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A slow start to the week seems long behind us, as the euro continues to rally against the dollar. EUR/USD  is trading in the high-1.29  range in Thursday’s European session. Will we see a move towards the 1.30 barrier? In economic news, Eurozone Retail PMI looked sharp, hitting an eight-month high. The markets are awaiting the Italian 10-year bond auction. We could see some action from the pair as the US releases three key events later today – Preliminary GDP, Unemployment Claims and Pending Home Sales.

Here is a quick update on the technical situation, indicators, and market sentiment that moves euro/dollar.

EUR/USD Technical

  • Asian session: Euro/dollar  showed some upward momentum, touching a high of 1.2986 and consolidating at 1.2969. In the European session, the pair is unchanged.

Current range: 1.2960 – 1.3000.

Further levels in both directions:   EUR USD Daily Forecast May30

 

  • Below: 1.2960, 1.2890, 1.2840, 1.2800, 1.2750, 1.27, 1.2624 and 1.2587.
  • Above: 1.30, 1.3050, 1.31, 1.3160 and 1.32, 1.3255, and 1.3290.
  • On the upside, 1.30 is  providing weak resistance.  1.3050 is next.
  • 1.2960 is the next support level. There is stronger support at 1.2890.

Euro  continues to  climb  towards 1.30  – click on the graph to enlarge.

EUR/USD Fundamentals

  • 8:10 Eurozone Retail PMI. Actual 46.8 points.
  • Tentative: Italian 10-year Bond Auction.
  • 12:30 US Preliminary GDP. Exp. 2.5%.
  • 12:30 US Unemployment Claims. Exp. 342K.
  •  12:30 US Preliminary GDP Price Index. Exp. 1.2%.
  • 14:00 US Pending Home Sales. Exp. 1.3%.
  • 14:30 US Natural Gas Storage. Exp. 85B.
  • 15:00 US Crude Oil Inventories. Exp. -0.8M.

For more events and lines, see the  Euro to dollar forecast

EUR/USD Sentiment

  • More of a Mix from Germany:  On Tuesday, the markets were greeted with dismal German employment numbers. Unemployment Change shot up to 21 thousand, blowing past the estimate of 4 thousand. This was the highest reading since June 2008. There was better news on the inflation front, as Preliminary CPI rebounded nicely and posted a 0.4% gain, surpassing the forecast of 0.2%. Where is the  German economy headed? The Eurozone will find it more than difficult to get back on track if Europe’s locomotive is not steaming in the right direction. So traders should keep a close eye on Germany, the Eurozone’s largest economy.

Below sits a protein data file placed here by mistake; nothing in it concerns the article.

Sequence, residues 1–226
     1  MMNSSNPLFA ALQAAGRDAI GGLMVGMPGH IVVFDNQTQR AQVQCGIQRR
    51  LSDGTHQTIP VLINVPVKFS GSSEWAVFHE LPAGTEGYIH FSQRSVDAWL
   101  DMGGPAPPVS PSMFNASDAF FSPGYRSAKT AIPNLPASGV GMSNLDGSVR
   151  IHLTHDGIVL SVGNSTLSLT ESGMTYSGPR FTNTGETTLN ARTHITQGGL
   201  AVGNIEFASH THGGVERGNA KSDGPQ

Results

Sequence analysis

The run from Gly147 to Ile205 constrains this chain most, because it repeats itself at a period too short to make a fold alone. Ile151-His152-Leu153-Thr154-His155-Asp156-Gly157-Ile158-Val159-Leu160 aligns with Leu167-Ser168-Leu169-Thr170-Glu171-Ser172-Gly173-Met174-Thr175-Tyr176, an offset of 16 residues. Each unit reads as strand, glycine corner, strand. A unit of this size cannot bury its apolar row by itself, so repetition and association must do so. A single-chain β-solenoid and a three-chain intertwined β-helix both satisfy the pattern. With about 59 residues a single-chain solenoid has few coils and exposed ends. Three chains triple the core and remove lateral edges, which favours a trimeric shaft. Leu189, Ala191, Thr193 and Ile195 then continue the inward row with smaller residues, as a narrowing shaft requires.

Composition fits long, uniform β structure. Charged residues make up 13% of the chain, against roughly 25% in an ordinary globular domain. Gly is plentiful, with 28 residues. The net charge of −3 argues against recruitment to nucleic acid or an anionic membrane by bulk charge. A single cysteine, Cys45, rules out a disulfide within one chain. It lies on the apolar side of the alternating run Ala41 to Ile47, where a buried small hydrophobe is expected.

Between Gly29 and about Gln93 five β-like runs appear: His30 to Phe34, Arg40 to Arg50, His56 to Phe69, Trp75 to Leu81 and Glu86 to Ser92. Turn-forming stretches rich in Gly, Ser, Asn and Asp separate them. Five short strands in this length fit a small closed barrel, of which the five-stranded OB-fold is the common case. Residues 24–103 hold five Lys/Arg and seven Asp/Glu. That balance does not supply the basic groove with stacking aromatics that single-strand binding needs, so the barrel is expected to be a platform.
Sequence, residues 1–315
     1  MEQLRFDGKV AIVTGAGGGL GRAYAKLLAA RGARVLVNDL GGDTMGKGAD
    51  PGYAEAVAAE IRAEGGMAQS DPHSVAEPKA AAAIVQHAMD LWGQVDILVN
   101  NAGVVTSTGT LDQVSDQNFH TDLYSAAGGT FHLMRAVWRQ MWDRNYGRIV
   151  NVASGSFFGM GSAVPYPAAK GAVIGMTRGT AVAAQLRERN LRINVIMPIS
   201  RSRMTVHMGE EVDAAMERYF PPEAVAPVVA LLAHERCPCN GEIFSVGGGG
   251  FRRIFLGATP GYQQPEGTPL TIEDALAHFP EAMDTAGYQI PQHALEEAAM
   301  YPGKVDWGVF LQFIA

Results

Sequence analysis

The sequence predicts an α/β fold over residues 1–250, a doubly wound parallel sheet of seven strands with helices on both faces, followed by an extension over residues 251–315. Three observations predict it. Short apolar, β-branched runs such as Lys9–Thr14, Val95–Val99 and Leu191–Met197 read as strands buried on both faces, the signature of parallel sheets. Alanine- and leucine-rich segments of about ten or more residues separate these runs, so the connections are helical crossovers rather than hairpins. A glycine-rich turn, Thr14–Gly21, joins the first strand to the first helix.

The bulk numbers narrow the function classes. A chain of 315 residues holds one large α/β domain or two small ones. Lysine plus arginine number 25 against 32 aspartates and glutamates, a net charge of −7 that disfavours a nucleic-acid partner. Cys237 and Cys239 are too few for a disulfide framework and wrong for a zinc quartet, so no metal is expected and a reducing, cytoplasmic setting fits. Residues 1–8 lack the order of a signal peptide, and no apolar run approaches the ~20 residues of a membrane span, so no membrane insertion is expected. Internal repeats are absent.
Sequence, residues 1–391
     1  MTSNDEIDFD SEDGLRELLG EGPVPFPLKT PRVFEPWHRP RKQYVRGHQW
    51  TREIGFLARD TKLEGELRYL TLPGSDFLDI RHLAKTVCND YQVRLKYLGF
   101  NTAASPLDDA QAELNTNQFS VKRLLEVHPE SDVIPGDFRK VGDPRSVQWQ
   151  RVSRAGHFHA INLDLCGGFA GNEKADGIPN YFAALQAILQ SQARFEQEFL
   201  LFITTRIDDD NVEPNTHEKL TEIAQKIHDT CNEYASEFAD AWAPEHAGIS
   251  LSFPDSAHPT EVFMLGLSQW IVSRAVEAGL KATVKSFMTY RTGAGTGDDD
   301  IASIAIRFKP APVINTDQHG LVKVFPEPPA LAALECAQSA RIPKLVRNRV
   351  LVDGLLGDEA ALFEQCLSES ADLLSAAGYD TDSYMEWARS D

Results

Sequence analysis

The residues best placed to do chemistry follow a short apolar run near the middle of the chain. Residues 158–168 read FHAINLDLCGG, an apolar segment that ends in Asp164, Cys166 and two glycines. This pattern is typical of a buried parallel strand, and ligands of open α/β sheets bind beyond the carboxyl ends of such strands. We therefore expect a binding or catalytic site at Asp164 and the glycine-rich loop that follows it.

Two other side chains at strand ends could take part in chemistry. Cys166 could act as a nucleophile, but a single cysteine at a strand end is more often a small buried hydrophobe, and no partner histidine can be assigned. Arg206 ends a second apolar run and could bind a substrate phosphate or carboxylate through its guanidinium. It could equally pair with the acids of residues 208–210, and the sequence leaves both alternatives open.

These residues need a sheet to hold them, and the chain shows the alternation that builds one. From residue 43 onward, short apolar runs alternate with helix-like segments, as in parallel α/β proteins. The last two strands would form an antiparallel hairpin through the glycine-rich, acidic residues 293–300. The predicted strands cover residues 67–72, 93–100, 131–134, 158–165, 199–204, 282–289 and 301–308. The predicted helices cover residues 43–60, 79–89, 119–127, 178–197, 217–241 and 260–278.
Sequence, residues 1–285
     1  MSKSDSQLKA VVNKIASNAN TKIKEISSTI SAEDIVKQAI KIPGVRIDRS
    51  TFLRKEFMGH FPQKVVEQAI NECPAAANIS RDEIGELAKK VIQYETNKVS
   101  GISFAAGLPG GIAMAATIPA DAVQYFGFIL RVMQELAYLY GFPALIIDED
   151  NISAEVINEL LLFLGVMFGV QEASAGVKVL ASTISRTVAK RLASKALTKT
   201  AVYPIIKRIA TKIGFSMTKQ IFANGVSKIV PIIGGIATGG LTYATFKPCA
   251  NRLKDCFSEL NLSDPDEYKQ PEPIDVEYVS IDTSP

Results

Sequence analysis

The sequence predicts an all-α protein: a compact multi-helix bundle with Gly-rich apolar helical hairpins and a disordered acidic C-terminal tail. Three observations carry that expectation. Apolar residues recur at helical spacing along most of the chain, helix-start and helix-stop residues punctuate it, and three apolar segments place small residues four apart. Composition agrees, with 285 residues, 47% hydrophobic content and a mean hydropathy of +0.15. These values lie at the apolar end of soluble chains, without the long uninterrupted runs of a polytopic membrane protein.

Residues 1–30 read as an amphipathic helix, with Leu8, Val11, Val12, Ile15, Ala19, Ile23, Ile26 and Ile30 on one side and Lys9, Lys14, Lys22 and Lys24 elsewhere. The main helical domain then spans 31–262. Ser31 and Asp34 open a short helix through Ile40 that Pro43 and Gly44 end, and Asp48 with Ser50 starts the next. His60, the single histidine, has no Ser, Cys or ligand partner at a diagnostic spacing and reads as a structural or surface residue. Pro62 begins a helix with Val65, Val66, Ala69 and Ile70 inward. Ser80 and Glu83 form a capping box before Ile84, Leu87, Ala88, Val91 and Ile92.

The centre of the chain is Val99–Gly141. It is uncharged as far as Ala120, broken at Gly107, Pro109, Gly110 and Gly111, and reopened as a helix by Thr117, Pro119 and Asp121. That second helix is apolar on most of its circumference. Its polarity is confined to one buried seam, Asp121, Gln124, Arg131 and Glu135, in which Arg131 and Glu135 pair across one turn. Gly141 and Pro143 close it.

• US releases on a roll: The markets are used to ups and downs in US numbers, and we continue to see alternating weeks in economic data. This  past week was  mostly positive, with  better than expected new home sales, a record low in continuing claims and a nice rise in durable goods orders  on Friday. There was more good news on Tuesday, as CB Consumer Confidence shot up to its highest level since June 2009. As well, the S&P/CS Composite-20 HPI posted a sharp gain, indicating more activity in the US housing market. Will the upward trend continue? We’ll get a better idea of the extent of the US recovery, with three key releases later on Thursday.
  • Taper  speculation boosts US dollar:  Although the Fed hasn’t made any changes to the current round of QE, Fed policymakers, including Fed  Chair Bernanke,  continue to hint that QE  could be scaled back  in the next few months. The currency markets have reacted sharply to talk about terminating QE, and much of the volatility we are seeing  from EUR/USD can be attributed to market uncertainty about what action the Fed will take. Talk of an end to QE has helped the dollar, and  we can expect the currency markets to continue to be very sensitive to further talk of tapering QE.
  • Negative Interest Rates for ECB? Recent comments from the ECB about negative interest rates have affected the euro,  and  ECB  Mario Draghi and other policymakers  have expressed  openness to the idea. Earlier in the week, ECB Executive Board member Joerg Asmussen said that the ECB  will continue its expansive monetary policy in order to boost the Eurozone economy,  but  urged caution on the  question of  whether  to continue reducing rates. Asmussen  said that the  ECB can’t  simply fix  uncompetitive economies with monetary policy, such as the adopting negative interest rates. The ECB’s deposit rate currently stands at zero, and if the ECB decides to go lower, it would be the first central bank to introduce negative interest rates.